But that is my own personal bias upon the matter. What are your opinions on equal opportunity and personal advantages in areas such as education, health care, economics, etc.?





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4 Comments on “Why We Don’t Truly Want Equal Opportunity”

  1. Phil O'Donnell Says:

    There are a few issues which I would like to discuss regarding this very interesting and provocative post. Firstly is the issue of colleges being equal in terms of ‘base education’, such as the comparison of U of M and GVSU provided in the post. It is an argument that you often hear from students at MSU or other ‘smaller’ schools, they argue that they read the same textbooks and learn the same ‘base’ material as we do here at the University of Michigan. This may be true in many situations, I know for a fact that MSU use the same economics textbooks in some courses. Yet this doesn’t really tell the full story and hence doesn’t really provide an accurate explanation for why THE University of Michigan is a ‘better’ school then MSU or other ‘smaller’ schools; in terms of base education or many other educational criteria.

    I argue that, specifically looking back to the beginning of the course and the first text we read, college is like a sorting hat. A sorting hat, similar to the ones that come before it in life and similar to the ones that come after it; whether this is in for example sports or employment. Life essentially is a continuous sorting process; perhaps not an equal process, often seen as manipulated, yet a sorting process all the same.

    Take for example, how we arrived at the University of Michigan. We were sorted from all the applicants as the ‘best’ (best grades, most prepared, children of alumni; whatever the criteria was, we were sorted and selected as the students Michigan wanted), those who were rejected were deemed to be not ‘worthy’ of being at U of M. Whether you agree or disagree with this selection process, it is what happened.

    So how does this explain why U of M is a ‘better’ school then the other smaller ‘schools’? Firstly, because we (the students) are deemed to be more qualified or suited for this tier of education then the rejects (there are issues of personal finances and the problem of affordability which obviously complicates the matter, yet as a whole I believe this doesn’t disapprove the hypothesis provided), hence we have already been marked as ‘better’ high school students by professional academics in the admissions office.

    Hence I have established that U of M, at least initially, has ‘better’ students then other ‘smaller’ schools; students who performed better in high school. U of M has the better silly-putty to mold if you will, the better crayons to draw with. Thus, when you leave Michigan with a degree, it signals that at the very least you were a good student in high school; perhaps not Harvard or Yale, but good enough for Michigan, better then State.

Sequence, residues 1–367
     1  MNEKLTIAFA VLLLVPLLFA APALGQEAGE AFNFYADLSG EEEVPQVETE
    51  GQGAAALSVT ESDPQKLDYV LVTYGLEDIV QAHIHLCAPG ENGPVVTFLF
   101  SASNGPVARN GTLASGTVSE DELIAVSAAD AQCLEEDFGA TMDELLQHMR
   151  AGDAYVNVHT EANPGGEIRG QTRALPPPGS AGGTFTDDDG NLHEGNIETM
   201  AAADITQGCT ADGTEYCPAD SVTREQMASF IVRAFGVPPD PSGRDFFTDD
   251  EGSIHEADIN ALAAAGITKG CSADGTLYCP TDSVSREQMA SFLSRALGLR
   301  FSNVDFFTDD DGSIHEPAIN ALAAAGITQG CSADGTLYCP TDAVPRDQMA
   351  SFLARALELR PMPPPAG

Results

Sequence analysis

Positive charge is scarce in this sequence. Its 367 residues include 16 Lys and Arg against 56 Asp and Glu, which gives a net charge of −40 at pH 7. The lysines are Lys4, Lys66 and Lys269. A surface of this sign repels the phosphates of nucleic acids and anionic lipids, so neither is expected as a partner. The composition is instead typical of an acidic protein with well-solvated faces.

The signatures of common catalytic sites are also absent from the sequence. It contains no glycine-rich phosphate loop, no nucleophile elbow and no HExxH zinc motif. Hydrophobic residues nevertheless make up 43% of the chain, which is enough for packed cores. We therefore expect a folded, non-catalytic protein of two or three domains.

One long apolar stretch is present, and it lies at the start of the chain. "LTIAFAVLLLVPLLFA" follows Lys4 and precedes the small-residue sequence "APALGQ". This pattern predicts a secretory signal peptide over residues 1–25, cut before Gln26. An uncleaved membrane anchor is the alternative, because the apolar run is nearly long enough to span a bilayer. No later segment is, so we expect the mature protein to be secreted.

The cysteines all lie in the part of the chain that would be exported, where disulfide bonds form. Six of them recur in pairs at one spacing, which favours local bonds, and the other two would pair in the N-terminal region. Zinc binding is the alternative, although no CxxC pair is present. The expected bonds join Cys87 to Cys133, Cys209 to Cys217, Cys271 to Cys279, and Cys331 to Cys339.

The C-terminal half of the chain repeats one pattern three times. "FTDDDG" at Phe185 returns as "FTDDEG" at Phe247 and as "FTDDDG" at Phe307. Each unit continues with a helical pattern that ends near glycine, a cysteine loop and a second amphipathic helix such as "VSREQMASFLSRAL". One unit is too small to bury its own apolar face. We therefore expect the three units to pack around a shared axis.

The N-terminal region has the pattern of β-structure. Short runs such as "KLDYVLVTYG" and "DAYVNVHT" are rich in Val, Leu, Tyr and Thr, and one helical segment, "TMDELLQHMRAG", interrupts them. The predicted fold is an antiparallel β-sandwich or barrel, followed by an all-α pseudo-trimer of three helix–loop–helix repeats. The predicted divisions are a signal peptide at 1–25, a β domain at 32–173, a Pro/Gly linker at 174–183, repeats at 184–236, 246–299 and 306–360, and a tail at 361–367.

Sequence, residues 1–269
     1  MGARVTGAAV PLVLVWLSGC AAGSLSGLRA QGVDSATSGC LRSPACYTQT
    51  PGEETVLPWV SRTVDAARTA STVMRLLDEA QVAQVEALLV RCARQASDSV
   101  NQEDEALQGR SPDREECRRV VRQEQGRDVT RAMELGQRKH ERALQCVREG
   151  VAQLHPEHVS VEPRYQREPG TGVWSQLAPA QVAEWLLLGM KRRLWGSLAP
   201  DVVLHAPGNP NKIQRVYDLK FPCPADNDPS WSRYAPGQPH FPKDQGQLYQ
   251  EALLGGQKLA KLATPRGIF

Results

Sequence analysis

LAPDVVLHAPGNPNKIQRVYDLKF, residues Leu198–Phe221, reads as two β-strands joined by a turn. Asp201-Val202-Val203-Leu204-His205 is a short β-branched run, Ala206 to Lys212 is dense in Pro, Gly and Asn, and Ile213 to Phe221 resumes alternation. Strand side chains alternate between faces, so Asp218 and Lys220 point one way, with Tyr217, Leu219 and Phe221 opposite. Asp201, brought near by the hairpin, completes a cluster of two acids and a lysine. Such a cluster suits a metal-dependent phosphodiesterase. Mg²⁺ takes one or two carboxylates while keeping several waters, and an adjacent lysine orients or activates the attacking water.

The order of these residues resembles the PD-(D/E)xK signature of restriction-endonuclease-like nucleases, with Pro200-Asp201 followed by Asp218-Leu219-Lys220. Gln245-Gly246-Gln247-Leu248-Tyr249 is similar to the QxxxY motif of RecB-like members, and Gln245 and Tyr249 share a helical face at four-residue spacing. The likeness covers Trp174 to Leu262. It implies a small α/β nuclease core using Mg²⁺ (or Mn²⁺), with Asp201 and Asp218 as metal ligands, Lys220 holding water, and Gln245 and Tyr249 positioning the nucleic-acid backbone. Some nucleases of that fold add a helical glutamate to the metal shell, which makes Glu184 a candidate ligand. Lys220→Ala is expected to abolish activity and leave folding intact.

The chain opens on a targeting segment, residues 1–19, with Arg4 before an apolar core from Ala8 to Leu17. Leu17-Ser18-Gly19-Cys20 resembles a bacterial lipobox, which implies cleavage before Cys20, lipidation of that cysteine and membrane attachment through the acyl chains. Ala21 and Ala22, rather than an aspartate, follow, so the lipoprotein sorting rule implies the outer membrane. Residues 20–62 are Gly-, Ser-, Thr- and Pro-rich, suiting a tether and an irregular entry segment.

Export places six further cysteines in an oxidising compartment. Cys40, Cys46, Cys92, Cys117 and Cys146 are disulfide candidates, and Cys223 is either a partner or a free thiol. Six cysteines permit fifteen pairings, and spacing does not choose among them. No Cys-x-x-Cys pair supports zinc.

Yet there is more. So Michigan has the better high school graduates and hence as most of the classes at Michigan are graded on a curve (at least to the point where not every student receives an A grade); success at U of M signals an ability to succeed at reasonably high level of competition. What’s better a 3.5 GPA at U of M or a 3.5 GPA at MSU? We believe it to be Michigan because of the academic reputation which our alumni have granted us; to be blunt, our alumni have been better, out students have been better, our base education has been better at creating great students and alumni. That’s why, rightly or wrongly, you are more employable and hence why Michigan is deemed a better educational institute (through the perspective of the sorting hat theory of higher education). To be cynical, you are paying for the right ‘to stand on the shoulders of giants’ and wear the University of Michigan name; you’re judged as a Michigan graduate. Not to mention that U of M has, to name but a few; a better global reputation, higher levels of diversity, the higher standard of professors and greater opportunities for extracurricular activities (if only in terms of the levels of funding and diversity at the University) then ‘smaller’ schools.

    The theory of life as a sorting hat seems to suggest some kind of social Darwinism. I would argue that it perhaps is not such a hash level of Darwinism, one where the ‘weak’ are being eradicated from our society, but I would agree that in terms of levels of success in society (primarily financially) it is a type of Darwinism, the ‘weak’ make less money and are less prosperous. A Michigan Law School graduate is presumably going to make more money than a Washtenaw Community College graduate, the exceptions helping to prove the rule.

    This brings me to my final and most troubling point. The issue of whether this almost Darwinist setup can be used to justify elitism. I will address this problem or dilemma using arguments or discussions regarding parents’ rights and responsibilities concerning their children’s wellbeing and preparation for their own futures. For example as mentioned in the post, parents seemingly have the right to send their children to private schools if they desire, that is a reasonable assumption to most people (admittedly there are many who oppose this). Furthermore, as mentioned in the post, seemingly this prepares the children better for college and subsequently future employment. Hence, obviously this seems to manipulate the college or employment micro societies and make it unequal; hence private school can be seen as a form of elitism, or at the very least a process which makes distinctions in society. Are parents who send their children to private schools participating in a form of elitism? What about providing their children with connections for internships or paying for tutors (such as for the SATs) which other parents may not be able to afford?